The already-small pool of available clients could grow even smaller if firms need to worry about conflicts, both actual and business related. Business conflicts are a major reason Morrison & Foerster, which has a large IP litigation practice advising Japanese electronics giants, gets little work from their Korean rivals like Samsung, says Max Olson, the firm's Tokyo litigation chief. The firm, which has no plans to open in Korea, is also currently representing Apple Inc. in its smartphone patent dispute with Samsung.
But Quinn Emanuel Urquhart & Sullivan, the firm advising Samsung in the smartphone dispute, also has no current plans for a Seoul office to go with the one it has in Tokyo. "While the major Korean tech companies are important global players," says managing partner John Quinn, "there aren't as many of them as in Japan, and we have not had difficulty servicing them without an office in Korea."
Another competitive complication is the relatively large number of U.S.-qualified Korean lawyers working at Korean law firms as foreign counsel. Large Korean firms like Kim & Chang, Shin & Kim, and Bae, Kim & Lee literally have dozens of U.S.-trained lawyers on staff, many at the partner level and many who have previously worked in the Korea practices of international firms. Though such lawyers could not represent Korean clients overseas, Jong Han Kim says, they could handle a number of tasks that might otherwise be handled by international firms. They are also likely to play a major role in referring matters from all but the very biggest companies.
The large population of U.S.-trained Korean and Korean-American lawyers is undoubtedly a factor in the high level of interest in Korea among American firms, who can rely on a big talent pool to service their practices.
The lack of a similar population may also be hampering firms based in the United Kingdom, which has historically drawn far fewer Korean students or immigrants. Firms opening offices in Korea are required under the regulations to be represented by a lawyer who has practiced law for seven years, three of which must be in the firm's home country jurisdiction. Many Korean-American lawyers fit that bill, but British firms, most of whose Korea practice heads are U.S.-qualified, have had to dig a little deeper.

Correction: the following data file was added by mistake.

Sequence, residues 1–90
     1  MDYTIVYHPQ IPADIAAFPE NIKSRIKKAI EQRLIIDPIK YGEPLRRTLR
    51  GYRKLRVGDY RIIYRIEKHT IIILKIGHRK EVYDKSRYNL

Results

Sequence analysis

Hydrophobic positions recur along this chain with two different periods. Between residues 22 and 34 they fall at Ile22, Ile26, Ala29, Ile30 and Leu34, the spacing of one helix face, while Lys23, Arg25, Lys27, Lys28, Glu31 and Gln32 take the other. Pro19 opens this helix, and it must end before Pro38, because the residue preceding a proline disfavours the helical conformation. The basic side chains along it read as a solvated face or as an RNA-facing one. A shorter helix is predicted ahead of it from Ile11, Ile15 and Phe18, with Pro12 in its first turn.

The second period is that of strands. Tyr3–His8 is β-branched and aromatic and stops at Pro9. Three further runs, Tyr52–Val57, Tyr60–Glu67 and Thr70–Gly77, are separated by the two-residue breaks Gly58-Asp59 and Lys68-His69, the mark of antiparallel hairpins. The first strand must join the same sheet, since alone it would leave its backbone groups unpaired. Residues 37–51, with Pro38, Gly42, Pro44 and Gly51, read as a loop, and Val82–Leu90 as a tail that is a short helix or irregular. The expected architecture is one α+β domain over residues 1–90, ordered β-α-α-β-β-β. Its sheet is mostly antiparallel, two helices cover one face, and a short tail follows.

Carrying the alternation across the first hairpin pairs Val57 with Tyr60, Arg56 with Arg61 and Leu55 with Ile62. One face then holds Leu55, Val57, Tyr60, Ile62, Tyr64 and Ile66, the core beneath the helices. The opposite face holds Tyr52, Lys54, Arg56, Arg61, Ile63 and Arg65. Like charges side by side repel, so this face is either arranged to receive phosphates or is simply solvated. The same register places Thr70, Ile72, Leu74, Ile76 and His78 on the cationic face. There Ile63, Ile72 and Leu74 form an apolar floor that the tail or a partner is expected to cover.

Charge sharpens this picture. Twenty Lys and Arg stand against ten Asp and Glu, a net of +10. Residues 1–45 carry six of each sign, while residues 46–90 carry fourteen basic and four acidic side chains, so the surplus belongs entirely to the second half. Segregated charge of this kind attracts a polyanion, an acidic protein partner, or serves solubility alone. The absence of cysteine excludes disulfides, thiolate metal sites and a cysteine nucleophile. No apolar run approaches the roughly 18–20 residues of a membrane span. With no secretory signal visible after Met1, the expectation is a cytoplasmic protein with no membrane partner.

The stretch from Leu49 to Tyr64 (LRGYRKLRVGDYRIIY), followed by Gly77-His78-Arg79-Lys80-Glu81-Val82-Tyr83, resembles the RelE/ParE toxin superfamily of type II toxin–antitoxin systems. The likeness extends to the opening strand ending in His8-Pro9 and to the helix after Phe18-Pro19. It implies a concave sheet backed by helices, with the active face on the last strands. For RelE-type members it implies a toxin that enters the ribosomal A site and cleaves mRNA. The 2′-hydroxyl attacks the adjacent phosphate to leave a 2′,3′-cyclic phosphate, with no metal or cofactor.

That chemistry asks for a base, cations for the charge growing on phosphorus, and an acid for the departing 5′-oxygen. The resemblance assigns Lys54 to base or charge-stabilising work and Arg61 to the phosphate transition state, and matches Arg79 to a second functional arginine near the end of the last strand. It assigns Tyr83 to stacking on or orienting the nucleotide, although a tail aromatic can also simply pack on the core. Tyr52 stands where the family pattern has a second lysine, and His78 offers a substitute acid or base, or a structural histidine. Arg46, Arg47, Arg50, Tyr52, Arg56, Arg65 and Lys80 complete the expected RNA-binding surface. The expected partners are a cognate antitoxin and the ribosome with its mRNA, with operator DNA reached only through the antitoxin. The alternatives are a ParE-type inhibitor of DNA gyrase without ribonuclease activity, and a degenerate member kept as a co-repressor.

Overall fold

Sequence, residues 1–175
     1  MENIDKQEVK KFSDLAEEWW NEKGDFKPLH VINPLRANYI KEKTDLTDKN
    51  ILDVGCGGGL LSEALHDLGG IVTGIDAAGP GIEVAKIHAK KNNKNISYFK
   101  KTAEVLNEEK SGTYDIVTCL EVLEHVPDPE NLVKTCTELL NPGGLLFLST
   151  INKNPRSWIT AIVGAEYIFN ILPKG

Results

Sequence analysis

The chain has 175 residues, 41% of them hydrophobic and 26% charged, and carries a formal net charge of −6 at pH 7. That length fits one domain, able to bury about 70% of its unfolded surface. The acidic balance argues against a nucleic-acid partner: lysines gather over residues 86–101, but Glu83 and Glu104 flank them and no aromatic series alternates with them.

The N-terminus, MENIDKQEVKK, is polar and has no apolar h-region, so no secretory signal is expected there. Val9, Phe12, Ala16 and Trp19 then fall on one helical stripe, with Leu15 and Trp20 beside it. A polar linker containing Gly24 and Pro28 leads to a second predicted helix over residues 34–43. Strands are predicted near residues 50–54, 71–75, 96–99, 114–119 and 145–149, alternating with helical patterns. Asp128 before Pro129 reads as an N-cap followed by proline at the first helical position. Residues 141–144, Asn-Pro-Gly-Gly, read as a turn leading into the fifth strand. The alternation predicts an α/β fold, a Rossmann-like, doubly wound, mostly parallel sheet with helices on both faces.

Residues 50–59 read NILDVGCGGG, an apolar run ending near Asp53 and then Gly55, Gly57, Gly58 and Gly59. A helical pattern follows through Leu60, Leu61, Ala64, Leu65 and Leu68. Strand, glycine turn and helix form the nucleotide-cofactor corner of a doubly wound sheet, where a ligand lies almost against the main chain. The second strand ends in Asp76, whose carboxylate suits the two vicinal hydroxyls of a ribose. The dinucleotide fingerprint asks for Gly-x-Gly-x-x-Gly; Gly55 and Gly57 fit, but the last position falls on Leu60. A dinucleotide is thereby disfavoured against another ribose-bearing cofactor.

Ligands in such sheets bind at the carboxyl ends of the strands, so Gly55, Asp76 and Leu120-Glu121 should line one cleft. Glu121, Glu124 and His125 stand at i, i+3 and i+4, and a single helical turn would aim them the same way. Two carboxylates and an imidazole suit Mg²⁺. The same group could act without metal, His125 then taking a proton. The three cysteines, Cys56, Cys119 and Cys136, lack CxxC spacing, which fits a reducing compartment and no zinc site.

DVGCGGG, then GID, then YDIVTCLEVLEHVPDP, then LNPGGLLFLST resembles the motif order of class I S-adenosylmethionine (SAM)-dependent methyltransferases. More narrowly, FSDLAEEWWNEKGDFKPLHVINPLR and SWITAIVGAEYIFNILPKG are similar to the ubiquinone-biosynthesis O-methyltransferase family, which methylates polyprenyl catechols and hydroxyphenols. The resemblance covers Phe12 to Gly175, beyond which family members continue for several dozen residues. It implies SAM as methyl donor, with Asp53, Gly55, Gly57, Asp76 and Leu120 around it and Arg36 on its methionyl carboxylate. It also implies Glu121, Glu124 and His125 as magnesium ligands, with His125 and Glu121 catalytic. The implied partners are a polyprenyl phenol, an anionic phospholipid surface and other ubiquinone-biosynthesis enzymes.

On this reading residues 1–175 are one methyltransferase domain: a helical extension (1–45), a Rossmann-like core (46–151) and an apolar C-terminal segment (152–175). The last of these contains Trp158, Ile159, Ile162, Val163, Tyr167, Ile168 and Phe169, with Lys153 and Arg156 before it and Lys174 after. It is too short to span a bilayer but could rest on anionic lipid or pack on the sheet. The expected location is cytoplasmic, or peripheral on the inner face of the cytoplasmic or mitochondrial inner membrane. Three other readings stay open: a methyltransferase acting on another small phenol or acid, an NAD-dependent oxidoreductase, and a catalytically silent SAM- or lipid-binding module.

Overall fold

As a result, although the earlier ratification of the FTA between Korea and European Union meant British firms might have gotten to Korea sooner than their American counterparts, they have actually lagged. Clifford Chance is so far the only British firm to have applied to open in Korea, relocating Beijing energy counsel Brian Cassidy to serve as its chief representative in Seoul, though U.S.-trained Hyun Kim will continue to serve as Korea practice head. Herbert Smith has announced plans to open in Korea later this year though it has yet to say who will staff it. Allen & Overy, which has a well-regarded Korea practice, says it is still weighing its options.
Whoever else comes in, one group has already won, says Jong Han Kim.
"Korean corporations will receive excellent service all around," he says. "Service will get much, much better because there will be so many more firms trying to get work."
The 16 firms that have so far either applied to open in Korea or said they will are Cleary, Simpson Thacher, Paul Hastings, Clifford Chance, Ropes & Gray, Covington & Burling, Sheppard Mullin, Squire Sanders, McDermott Will & Emery, O'Melveny & Myers, Herbert Smith, DLA Piper, K&L Gates, McKenna Long, Cohen & Gresser, and H. C. Park & Associates.